Recorded history begins around 1650 when Native American Tribes like the Chickasaw, Cherokee, and Shawnee roamed the area as descendants of the first people to cross the ice bridge from Asia to North America some 30,000 years ago. Nomadic in nature, Kentucky was more a hunting ground for Native American Indians, and few permanent settlements have been documented. Hostilities between Indians and white settlers occurred off and on between the mid 1700’s until the Battle of Fallen Timbers in 1794, which nearly stopped Indian resistance, however minor skirmishes occurred until 1813.
Explores of the Kentucky wilderness around 1750 were of British, French, and Spanish descent. All started making claims to Kentucky as their own. The French claimed all of the land drained by the Mississippi River and it’s tributaries, and the Spanish also wanted the waterways for trade. The British wanted all of it, resulting in the French and Indian War. The British were victorious, and put down an Indian uprising known as Pontiac’s Rebellion. This, and a 1795 treaty with Spain gave the British control of Kentucky, as well as the Mississippi and Ohio Rivers. Feeling quite invincible the British issued a Royal Proclamation forbidding settlement west of the Appalachians.
Settlers came undeterred by the proclamation after word of the fertile land, and abundant game spread east. Settlers and Frontiersmen came through the Cumberland Gap, including legendary hunter, and Indian fighter Daniel Boone arriving in 1767. The first permanent settlement was Harrodsburg in 1774, followed by Boonesboro the next year.
Despite all private claims, The Commonwealth of Virginia’s legislature laid claimed to Kentucky as a county in 1776. That lasted only until 1792 when the Commonwealth of Kentucky became the 15th state in the union, and the first west of the Appalachians.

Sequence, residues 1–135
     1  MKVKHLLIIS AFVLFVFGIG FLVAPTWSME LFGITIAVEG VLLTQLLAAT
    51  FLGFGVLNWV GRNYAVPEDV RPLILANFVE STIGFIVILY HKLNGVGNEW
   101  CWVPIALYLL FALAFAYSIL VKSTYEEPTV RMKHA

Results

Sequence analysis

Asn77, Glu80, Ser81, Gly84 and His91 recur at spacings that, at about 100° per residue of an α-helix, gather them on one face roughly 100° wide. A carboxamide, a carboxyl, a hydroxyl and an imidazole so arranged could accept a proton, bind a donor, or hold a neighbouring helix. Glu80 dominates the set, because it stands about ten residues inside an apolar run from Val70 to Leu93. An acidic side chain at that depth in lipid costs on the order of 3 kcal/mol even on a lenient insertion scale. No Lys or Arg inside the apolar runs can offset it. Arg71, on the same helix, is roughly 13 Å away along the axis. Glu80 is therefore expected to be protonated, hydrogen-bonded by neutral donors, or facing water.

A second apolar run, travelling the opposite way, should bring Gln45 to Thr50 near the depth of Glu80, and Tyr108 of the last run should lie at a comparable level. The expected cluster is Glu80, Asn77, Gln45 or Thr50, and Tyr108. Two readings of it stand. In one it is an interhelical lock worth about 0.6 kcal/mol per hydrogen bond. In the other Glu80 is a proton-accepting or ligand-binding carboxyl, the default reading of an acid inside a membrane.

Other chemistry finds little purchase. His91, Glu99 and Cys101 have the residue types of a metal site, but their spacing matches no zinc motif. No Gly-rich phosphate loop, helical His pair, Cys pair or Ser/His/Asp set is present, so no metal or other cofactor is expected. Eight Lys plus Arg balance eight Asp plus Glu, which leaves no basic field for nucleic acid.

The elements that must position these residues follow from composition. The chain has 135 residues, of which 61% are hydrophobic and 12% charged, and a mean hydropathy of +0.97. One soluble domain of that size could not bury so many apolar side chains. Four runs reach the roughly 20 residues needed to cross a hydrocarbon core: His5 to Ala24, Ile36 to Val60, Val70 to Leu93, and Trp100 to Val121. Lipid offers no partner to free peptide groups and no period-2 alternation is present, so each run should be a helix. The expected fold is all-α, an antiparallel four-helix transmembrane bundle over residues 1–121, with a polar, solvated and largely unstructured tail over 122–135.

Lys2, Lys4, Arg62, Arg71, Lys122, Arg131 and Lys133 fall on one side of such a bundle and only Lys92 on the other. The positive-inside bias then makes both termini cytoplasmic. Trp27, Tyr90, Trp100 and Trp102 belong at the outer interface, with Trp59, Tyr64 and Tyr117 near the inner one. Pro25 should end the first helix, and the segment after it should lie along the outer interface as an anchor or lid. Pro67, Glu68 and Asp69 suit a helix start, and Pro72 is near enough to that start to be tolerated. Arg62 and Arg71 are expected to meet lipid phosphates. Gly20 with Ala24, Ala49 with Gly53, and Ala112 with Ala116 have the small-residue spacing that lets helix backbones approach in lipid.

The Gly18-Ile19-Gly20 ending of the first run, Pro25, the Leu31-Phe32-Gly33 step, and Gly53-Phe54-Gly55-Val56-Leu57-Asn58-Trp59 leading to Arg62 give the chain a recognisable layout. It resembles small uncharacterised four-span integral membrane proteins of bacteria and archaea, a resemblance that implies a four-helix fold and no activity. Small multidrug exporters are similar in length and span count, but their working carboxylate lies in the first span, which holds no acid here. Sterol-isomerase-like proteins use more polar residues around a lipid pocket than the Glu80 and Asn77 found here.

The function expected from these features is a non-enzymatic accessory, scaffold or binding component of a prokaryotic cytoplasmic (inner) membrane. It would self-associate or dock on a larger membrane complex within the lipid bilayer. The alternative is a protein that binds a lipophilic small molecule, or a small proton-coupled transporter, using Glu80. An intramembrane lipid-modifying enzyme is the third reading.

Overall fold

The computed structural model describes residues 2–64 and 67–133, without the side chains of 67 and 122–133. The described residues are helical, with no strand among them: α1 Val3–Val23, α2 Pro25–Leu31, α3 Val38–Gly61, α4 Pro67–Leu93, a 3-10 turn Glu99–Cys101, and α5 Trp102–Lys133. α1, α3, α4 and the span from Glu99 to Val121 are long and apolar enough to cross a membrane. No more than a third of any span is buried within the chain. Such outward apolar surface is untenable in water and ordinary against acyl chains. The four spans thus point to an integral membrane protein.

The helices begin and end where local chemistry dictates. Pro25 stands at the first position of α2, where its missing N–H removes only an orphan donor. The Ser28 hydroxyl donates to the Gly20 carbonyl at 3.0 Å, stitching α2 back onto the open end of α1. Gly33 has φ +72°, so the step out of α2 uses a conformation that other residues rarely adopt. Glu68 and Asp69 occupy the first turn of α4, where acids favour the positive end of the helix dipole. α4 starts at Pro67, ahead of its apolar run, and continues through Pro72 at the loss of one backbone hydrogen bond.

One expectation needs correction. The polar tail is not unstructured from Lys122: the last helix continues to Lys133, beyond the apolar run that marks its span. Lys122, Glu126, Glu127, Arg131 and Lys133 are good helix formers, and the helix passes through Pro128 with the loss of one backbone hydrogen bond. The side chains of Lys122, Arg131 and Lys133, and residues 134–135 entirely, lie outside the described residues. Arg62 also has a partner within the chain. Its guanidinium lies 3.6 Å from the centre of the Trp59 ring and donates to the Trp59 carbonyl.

The Louisiana Purchase in 1803 gave Kentucky good footing for economic growth as a trade center via the Mississippi and Ohio Rivers. Economic prosperity reigned as the region became agricultural with Tobacco, Hemp, and Corn as the principle crops.
The period between 1800 and 1860 gave rise to Kentucky’s political and cultural advances as influential Kentuckians rose to power nationally, Richard M. Johnson, and John Breckenridge became Vice President, long time Kentucky resident Zachary Taylor became President, and Henry Clay was a three time candidate for the presidency.
Kentucky’s neutral stance at the start of the Civil War was the epitome of the brother against brother. Tens of thousands of Kentucky men fought for the Union, and tens of thousands fought for the Confederacy. A border state, Kentucky never succeeded from the Union, and eventually backed the north even though it was invaded by both armies.
After the war economic progress was slow, until the railroads expanded into the isolated eastern mountains carrying Kentucky’s plentiful coal across the nation in the early 20th century. Kentucky became one of the leading coal producing states.